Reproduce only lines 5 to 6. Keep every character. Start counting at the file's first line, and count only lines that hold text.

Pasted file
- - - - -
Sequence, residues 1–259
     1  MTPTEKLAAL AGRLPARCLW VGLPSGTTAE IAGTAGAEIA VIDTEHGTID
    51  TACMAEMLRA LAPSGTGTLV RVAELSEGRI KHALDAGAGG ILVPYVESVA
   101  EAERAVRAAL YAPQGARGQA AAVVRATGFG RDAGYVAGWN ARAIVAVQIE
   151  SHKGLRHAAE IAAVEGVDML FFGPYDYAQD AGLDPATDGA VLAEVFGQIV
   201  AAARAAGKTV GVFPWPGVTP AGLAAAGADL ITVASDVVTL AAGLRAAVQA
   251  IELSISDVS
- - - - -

   151  SHKGLRHAAE IAAVEGVDML FFGPYDYAQD AGLDPATDGA VLAEVFGQIV
   201  AAARAAGKTV GVFPWPGVTP AGLAAAGADL ITVASDVVTL AAGLRAAVQA